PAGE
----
First Published 26/12/2021 Updated 22/08/2022
NASA’s Curiosity Rover just celebrated the galaxy’s loneliest birthday, “singing” to itself in a Martian crater, 208 million miles from home.
Monday marked the one-year anniversary of the rover’s landing on the Red Planet, and to celebrate, NASA scientists at the Goddard Space Flight Center in Greenbelt programmed it to play a little tune. It’s not “playing,” technically — as NASA technologist Florence Tan explains in an accompanying video, the rover’s sample analysis unit vibrates at different frequencies to move soil samples. Normally, those vibrations sound remarkably like the noises robots make in Disney’s Wall-E, but when you string them all together, something similar to “Happy Birthday” results. (Fun trivia: Warner/Chappell owns the copyright to the “Happy Birthday” song — but maybe not in space.)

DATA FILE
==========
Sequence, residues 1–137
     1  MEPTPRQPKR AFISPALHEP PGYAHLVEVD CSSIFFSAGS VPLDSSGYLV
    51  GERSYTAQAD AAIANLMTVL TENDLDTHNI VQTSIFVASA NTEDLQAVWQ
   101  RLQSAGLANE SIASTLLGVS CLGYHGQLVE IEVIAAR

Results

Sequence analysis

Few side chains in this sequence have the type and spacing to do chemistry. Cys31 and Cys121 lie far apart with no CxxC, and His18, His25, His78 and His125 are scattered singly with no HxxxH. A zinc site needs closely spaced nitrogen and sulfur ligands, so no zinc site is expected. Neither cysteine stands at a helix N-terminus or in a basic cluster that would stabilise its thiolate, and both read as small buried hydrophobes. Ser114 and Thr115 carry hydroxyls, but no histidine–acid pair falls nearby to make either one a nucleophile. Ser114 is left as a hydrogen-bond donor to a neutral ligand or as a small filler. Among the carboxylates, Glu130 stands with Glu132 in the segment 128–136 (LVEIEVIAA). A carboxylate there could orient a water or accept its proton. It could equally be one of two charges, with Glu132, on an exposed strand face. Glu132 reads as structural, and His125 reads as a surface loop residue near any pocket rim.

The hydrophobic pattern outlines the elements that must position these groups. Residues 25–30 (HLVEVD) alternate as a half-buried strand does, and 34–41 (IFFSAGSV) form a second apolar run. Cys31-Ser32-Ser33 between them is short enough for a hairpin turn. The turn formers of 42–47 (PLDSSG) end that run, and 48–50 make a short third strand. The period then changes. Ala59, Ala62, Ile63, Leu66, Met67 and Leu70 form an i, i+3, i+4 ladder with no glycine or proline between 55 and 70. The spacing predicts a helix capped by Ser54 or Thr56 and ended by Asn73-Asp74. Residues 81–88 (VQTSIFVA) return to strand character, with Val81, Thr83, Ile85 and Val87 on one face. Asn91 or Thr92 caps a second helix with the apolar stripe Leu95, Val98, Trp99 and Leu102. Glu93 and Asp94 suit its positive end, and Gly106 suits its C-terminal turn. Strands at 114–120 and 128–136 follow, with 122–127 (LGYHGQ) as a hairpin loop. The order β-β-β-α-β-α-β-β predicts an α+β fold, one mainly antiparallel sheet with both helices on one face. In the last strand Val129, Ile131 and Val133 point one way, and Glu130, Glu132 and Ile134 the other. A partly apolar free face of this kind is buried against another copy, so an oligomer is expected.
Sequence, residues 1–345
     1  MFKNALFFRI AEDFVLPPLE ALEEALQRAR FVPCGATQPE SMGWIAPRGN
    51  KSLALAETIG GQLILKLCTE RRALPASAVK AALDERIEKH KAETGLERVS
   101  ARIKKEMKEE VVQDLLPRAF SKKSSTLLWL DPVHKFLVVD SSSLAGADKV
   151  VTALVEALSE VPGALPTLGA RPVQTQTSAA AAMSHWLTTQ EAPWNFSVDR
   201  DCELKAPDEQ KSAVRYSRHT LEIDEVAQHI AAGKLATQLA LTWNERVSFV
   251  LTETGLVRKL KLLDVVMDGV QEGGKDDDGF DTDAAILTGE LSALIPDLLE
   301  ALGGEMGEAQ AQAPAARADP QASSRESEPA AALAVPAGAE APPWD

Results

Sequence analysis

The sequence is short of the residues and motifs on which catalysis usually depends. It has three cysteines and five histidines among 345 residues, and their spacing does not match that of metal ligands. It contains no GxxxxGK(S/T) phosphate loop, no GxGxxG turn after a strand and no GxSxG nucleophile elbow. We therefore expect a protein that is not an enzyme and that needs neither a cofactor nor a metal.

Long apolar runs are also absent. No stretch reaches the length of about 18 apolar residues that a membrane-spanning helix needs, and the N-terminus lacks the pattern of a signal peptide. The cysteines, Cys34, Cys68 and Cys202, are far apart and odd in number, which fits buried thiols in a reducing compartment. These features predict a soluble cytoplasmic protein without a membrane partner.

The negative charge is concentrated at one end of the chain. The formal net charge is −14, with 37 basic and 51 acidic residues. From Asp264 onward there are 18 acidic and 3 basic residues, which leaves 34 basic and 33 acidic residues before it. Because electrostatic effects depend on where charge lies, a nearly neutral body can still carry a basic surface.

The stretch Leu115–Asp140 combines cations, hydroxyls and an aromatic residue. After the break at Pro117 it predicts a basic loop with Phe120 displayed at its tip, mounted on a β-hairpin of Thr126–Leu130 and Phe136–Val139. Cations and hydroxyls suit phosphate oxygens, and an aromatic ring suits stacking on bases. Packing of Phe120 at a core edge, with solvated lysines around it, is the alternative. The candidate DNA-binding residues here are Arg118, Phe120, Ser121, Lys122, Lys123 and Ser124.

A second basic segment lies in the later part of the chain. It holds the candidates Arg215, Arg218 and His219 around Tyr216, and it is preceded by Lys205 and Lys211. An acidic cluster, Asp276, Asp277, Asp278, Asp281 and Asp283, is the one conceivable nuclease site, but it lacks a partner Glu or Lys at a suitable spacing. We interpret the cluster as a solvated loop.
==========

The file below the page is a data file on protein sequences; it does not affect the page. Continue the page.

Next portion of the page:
Read More Of The Article Here: Lonely Curiosity rover sings ‘Happy Birthday’ to itself on Mars
Lonely Curiosity rover sings ‘Happy Birthday’ to itself on Mars